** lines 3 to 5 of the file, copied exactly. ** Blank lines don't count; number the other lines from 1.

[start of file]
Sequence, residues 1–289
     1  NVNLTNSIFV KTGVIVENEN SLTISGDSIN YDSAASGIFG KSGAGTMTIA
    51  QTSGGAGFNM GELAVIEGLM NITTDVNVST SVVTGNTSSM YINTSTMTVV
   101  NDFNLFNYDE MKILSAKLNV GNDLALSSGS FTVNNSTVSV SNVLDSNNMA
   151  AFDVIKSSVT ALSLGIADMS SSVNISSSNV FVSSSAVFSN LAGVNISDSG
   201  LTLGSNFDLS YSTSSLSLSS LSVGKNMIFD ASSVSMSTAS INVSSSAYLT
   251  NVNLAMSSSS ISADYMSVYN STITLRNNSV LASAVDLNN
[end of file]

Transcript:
    51  QTSGGAGFNM GELAVIEGLM NITTDVNVST SVVTGNTSSM YINTSTMTVV
   101  NDFNLFNYDE MKILSAKLNV GNDLALSSGS FTVNNSTVSV SNVLDSNNMA
   151  AFDVIKSSVT ALSLGIADMS SSVNISSSNV FVSSSAVFSN LAGVNISDSG